Smoked Salmon & Wild Nova Scotia Tuna Sandwiches – Hooked Inc. at the Toronto Office Markets

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Local seafood lovers rejoice!  Hooked Inc. has won the hearts of Leslieville residents and farmers’ market goers alike since its storefront opening on Queen Street East in 2011.  Hooked Inc. is a fish store that attacks food and knowledge with a passion, providing Torontonians with fresh, sustainable, local fish, shellfish, and seafood products in addition to cooking classes, educational workshops, and farmers’ market vending around the city.  I’m beyond excited about their spring workshop schedule and their expanded farmers’ market schedule come spring and summer.  I was in conniptions when I browsed their website and realized that there would be a market at Edwards Garden later on this year for me to go to!  Farmers’ markets, flowers and gardens, and (sea)food – it’s a dream come true. 

Their enterprise really inspires me because even though I love seafood (much more than red meat and poultry, actually), it’s a food group that I know very little about in terms of location, regional specifics, and sustainability and Hooked makes this knowledge accessible.  Their classes and workshops incorporate hands-on cooking techniques (shucking oysters, and learning about poaching, braising, and stewing fish) as well as food knowledge such as teaching workshops on how to select fish, proper preparation methods and tools to use, and more. 

Kristin shucked 20 oysters for a couple last week!

There’s so much to learn and I want to learn all there is to know about different types of fish and the bodies of water and provinces they come from.  That’s the beauty of Hooked – they are so in tune and knowledgable about their products, the fishing industry, and what it takes to maintain a sustainable economy of food that you feel comfortable asking them anything and everything to do with fish.  As part of the Slow Food/Slow Fish movement, they’re committed to building awareness of local food options, maintaining close, transparent relationships with both producers and consumers, and making information as accessible as possible. 

Their weekly appearances at the Lunchtime Office Markets have taken me on a whirlwind seafood tour and it’s so exciting seeing what different foods Kristin and her crew bring to the table every week.  Their table always provides a mix of fresh fish and seafood lunches to enjoy right then and there as well as vacuum sealed fish, jars of soup, containers of seafood salad, and so much more.  Kristin and her team take the opportunity at the markets to show off the versatility of seafood by turning fish into fast and convenient $5 lunches on the go, often utilizing products from other farmers’ market vendors such as Earth & City and Monforte Dairy. 

They do buck-a-shuck oysters (you can learn to shuck at one of their classes!), fish samples, seafood salad bread bite samples, fish chowder (which I inhaled during this market visit), smoked salmon sandwiches with soft cheese on dark bread, and mouthwatering chunks of fresh Nova Scotia wild tuna salad sandwiches with greens on Earth & City’s flatbread.  So far I’ve only had their fish chowder but I’m telling you, it was SO HARD not having something of theirs at every single market I’ve been to.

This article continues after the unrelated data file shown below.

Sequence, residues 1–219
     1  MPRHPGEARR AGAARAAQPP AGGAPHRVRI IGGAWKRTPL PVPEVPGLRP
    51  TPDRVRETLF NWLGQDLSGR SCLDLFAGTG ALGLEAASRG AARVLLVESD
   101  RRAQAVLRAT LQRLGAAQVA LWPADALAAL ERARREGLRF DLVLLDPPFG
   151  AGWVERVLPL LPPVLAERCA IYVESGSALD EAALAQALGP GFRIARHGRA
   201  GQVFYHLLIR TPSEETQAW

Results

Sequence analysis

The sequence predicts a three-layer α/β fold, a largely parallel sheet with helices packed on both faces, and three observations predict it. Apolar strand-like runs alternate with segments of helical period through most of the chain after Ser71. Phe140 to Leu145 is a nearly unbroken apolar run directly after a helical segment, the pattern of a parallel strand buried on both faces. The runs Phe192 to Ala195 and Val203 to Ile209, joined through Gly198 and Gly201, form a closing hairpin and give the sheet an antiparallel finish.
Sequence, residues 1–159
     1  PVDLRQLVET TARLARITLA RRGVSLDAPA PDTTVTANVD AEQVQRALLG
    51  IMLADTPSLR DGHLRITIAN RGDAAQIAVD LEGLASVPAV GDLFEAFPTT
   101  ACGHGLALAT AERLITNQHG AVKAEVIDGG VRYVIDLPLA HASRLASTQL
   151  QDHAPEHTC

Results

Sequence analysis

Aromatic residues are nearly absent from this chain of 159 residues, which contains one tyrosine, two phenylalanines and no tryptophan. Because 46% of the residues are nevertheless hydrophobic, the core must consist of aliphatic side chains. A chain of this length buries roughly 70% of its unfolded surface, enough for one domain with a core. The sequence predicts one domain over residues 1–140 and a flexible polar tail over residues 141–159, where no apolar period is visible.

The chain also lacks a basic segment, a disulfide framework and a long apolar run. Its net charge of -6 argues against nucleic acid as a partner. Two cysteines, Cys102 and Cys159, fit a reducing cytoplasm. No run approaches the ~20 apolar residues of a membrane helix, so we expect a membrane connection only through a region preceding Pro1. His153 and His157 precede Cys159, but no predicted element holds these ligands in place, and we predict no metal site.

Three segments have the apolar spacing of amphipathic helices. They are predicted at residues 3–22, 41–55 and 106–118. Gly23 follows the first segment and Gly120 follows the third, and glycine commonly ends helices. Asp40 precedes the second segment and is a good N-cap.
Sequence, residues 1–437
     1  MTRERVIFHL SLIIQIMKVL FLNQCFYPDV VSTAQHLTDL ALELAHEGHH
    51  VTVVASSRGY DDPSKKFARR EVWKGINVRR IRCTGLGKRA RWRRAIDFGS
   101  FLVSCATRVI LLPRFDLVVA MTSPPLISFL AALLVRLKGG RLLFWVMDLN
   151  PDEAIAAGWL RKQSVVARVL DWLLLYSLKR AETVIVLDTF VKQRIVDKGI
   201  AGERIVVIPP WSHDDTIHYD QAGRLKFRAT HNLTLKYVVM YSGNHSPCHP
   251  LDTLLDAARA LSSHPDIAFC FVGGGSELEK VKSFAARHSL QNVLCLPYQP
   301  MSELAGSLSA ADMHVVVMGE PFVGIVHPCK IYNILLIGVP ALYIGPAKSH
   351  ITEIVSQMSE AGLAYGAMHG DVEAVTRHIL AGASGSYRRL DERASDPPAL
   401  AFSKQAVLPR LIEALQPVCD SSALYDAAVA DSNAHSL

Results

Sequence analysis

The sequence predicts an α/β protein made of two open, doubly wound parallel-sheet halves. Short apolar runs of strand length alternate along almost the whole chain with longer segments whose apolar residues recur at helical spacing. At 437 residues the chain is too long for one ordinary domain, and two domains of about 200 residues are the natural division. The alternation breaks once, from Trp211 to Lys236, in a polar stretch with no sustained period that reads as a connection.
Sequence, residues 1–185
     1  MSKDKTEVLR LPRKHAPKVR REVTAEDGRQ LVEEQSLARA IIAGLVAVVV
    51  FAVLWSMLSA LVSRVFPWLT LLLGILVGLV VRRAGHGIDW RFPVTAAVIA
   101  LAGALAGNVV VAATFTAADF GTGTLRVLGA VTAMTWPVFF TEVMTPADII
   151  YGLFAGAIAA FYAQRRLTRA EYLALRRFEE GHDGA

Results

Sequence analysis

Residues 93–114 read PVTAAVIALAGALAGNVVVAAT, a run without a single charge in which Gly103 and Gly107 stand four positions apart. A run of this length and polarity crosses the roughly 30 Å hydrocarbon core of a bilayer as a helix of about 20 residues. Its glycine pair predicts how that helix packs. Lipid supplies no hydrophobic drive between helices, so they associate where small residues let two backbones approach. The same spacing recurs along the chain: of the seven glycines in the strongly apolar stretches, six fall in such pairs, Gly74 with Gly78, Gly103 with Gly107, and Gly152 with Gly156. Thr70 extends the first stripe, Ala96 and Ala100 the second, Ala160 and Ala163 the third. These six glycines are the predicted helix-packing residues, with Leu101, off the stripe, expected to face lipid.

And I know I’m not the only one who feels this way!  At the last market I attended, a couple was so distraught over all the amazing lunch options that they agreed to share one of eveything so that they could try everything they wanted!  They tore a page straight out of my book because I’m often faced with the same dilemma every time I come to these markets.  I wouldn’t want it any other way though; this is what makes food exploration so much fun.  I’m so looking forward to making my first Hooked shop visit in the near future and learning more about their business and about the seafood they so lovingly provide to the markets and our city.

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Hooked Inc. is located at 888 Queen Street East at the corner of Booth Ave., east of Logan in the Leslieville neighbourhood.  They are currently vending at the Toronto Office Markets on Wednesdays at CSI Spadina and Thursdays at the ING Direct Cafe.  Keep up to date with news, new markets, workshops and more by visiting their website here and following them on Twitter @hookedinc

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Beet Hummus, Cabbage Veggie Bowls, and Fish Chowder For Lunch at the ING Direct Cafe Office Market

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I’ve talked about a lot of different food situations on the blog.  Situations and predicaments like food tunnel vision, constant cravings (cue K.D. Lang’s song here), and food snobbery among many others.  I have a new one to add to the hungry mix: food remorse, and not in the sense you’re probably thinking.  I’m talking about the feeling of remorse that washes over you when you pass up something delicious and it ends up haunting you in your dreams.  Well, maybe it’s not that extreme, but definitely enough remorse to have it occupy a good portion of your stomach and brain for days afterward.  It’s when you wish with all your heart that you had taken advantage of the opportunity right in front of you to eat whatever it was you wanted to eat but just didn’t.  I know we all go through those moments (who hasn’t walked by that bakery storefront or burger joint and wished they could stuff their face?), but it’s insult to injury when you mope about passing up something delicious, healthy, and affordable and reasonably priced.  This is the absolute worst and I know the feeling all too well.